To make the manuals a more universal resource, I surveyed 22 successful market farmers to gain their input on the most used row spacings, the average yields of different vegetables, the common disease and insect issues, and what prices they receive at farmers markets, mini-wholesale, and wholesale markets. Finally, to confirm the manuals are following current federal and state regulations and reflect the latest research on the efficacy of the methods described in these manuals, Cornell Cooperative Extension Vegetable Specialists reviewed the materials prior to publishing.
The provided answers showed a wide range of harvest and post-harvest rates. I have not been able to assess where the range came from, but one can assume that there are no universal methods for harvesting products and that some answers were estimates. Yields also ranged widely between growers — this might reflect soil quality and nutrient and water availability.
There was much greater agreement on what the most pressing disease and insect problems are with specific vegetable crops, helping us determine what the manuals needed to focus on in the recommendations. The remedies that farmers provided in the survey were not included in the final crop manual. For this, the new manuals reflect the latest university research on organic controls.
Varieties that were popular among growers were incorporated to an extent, but hyperlinks to variety trials conducted by extension and universities were added to provide more neutral recommendations.
Prices received had a range based on where the products were marketed and what time of the year they were sold. At times, the answers growers provided were completely out of range with our own experience; this could be a numerical error in submitting the answers or it could have been a result of the context. For example, spinach in the winter months can receive up to $15.00 per pound, but this is rarely received by growers when it is in season. Having had access to a larger sampling would have provided results with a more meaningful average. The recommendations provided in the final edition of the crop and harvest manual were therefore moderated by how we perceived the existing landscape of the Northeast vegetable grower. To make the numbers more meaningful on pricing, price reports from several organic wholesalers were obtained as well to give a more realistic average return to the grower for the products.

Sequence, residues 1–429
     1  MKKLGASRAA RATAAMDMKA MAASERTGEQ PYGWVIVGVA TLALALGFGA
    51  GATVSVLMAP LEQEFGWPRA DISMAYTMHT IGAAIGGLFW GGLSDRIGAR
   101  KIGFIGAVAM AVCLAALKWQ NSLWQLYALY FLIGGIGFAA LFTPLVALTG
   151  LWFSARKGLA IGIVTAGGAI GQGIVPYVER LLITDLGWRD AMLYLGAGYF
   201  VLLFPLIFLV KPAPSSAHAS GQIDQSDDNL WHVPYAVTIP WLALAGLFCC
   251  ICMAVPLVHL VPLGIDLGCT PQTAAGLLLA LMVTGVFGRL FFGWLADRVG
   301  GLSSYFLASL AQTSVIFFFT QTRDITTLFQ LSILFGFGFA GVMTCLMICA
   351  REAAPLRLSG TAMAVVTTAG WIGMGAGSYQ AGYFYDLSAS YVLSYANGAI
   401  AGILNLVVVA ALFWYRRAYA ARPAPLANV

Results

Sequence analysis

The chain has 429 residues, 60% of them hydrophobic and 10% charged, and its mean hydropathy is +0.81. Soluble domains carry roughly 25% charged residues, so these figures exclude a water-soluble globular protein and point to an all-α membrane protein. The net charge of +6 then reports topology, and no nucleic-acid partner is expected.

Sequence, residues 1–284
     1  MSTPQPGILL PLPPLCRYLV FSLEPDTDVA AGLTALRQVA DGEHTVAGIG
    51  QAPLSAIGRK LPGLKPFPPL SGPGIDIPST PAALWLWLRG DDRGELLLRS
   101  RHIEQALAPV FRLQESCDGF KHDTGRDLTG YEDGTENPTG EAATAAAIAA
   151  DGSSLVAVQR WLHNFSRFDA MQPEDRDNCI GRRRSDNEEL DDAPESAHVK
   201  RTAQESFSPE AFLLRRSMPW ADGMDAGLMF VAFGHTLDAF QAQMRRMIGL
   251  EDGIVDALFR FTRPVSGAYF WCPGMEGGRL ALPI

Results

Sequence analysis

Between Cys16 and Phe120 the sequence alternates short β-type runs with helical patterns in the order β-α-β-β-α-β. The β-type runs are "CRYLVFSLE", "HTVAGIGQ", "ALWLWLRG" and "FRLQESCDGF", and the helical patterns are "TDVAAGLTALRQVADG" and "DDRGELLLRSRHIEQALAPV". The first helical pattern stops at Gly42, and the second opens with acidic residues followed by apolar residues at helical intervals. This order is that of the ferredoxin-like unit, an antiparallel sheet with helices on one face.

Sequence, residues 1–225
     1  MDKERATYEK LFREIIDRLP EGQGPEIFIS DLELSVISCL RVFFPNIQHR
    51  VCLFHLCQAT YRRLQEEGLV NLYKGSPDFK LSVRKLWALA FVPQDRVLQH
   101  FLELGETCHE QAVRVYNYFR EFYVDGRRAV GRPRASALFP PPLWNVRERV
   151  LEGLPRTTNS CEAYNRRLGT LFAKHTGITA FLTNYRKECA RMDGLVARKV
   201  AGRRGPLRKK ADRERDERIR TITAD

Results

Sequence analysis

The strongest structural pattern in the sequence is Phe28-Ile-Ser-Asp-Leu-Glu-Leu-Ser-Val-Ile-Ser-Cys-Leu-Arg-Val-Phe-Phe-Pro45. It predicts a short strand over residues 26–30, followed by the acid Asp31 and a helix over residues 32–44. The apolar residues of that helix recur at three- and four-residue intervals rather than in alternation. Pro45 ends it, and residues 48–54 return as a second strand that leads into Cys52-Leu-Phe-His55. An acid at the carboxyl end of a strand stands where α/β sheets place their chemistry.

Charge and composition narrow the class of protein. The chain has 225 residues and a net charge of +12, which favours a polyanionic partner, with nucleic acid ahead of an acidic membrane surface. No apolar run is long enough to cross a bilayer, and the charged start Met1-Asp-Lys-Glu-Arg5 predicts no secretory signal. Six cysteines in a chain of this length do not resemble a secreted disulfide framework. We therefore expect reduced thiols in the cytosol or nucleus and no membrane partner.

Recommendations for organic insect and disease controls and fertilizer were updated based on input from participating growers and by incorporating the latest research or recommendations provided by land-grant universities. Post-harvest procedures reflect the latest FSMA regulations as recommended by the FDA.
The hyperlinks in the manuals connect growers directly to more information or the source. In the research, the focus was to use sources by universities and other well-respected institutions. Given that some growers today source much information from YouTube and social media, the manuals are nudging growers to depend on more peer-based research for information.
In rewriting the manuals, I had the opportunity to read up on the latest recommendations regarding pest control and food safety measures and to learn of other growers’ practices. It was fascinating to see the diversity of approaches. In the Netherlands, there are no different ways of doing things — there is literally one procedure to harvest lettuce, and every grower follows the tradition that has been firmly established. Those traditions change as new research proves there is a better way, and then it is quickly adopted by most growers — often to increase efficiency and profitability, or simply for food-safety reasons. This uniformity seems almost nonexistent among small organic growers in the Northeast, as many are self-taught and have not been exposed to industry standard procedures.
As the manuals are available in a virtual manner, we will be able to update them as needed. My hope is that this eventually will become a living document and, ideally, an open-source resource. While we spent countless hours researching and reviewing, the manuals can increase in quality with further input and possible corrections from other participants.
Many thanks for the generous support from Northeast SARE and its staff, and to the growers who contributed their expertise to the manuals.
You can find the manuals at either SARE’s website (https://projects.sare. org/sare_project/fne20-950/) or at Roxbury Farm (roxburyfarm.com).
Jean-Paul Courtens founded Roxbury Farm in 1990 and currently operates Philia Farm in Johnstown, New York.